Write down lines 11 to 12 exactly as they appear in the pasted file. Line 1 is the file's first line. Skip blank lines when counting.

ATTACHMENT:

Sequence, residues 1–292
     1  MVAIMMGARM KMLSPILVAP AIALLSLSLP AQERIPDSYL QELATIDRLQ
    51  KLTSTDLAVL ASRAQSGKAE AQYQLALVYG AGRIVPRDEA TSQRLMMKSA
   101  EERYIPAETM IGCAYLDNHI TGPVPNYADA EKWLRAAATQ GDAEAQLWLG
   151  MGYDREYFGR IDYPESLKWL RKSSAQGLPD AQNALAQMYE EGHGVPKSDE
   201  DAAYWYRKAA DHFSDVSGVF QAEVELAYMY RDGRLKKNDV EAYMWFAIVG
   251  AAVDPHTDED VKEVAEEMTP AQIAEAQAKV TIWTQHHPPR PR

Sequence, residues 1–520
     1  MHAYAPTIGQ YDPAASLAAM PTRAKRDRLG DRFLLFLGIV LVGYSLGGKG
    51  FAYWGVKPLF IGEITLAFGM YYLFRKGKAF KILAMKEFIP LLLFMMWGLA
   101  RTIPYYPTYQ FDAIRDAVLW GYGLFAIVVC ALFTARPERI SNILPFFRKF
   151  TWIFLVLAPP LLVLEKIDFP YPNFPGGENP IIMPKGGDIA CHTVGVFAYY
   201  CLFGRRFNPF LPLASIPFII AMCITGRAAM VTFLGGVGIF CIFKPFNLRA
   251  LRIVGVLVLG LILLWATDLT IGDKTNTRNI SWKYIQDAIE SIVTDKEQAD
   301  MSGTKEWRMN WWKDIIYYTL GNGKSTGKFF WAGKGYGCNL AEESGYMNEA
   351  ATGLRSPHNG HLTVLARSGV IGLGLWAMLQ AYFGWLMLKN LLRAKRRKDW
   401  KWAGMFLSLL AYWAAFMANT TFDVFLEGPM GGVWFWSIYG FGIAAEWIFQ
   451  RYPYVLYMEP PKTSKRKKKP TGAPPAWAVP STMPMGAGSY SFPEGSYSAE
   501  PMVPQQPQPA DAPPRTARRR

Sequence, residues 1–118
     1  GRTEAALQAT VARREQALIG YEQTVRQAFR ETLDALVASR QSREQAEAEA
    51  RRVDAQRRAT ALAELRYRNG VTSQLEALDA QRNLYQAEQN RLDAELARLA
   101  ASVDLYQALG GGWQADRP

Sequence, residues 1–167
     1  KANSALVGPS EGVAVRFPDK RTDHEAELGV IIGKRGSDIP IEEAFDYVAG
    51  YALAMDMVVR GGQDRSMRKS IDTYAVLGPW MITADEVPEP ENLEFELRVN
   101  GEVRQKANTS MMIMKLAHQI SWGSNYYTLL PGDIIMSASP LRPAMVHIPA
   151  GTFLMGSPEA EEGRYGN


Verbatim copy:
   101  RTIPYYPTYQ FDAIRDAVLW GYGLFAIVVC ALFTARPERI SNILPFFRKF
   151  TWIFLVLAPP LLVLEKIDFP YPNFPGGENP IIMPKGGDIA CHTVGVFAYY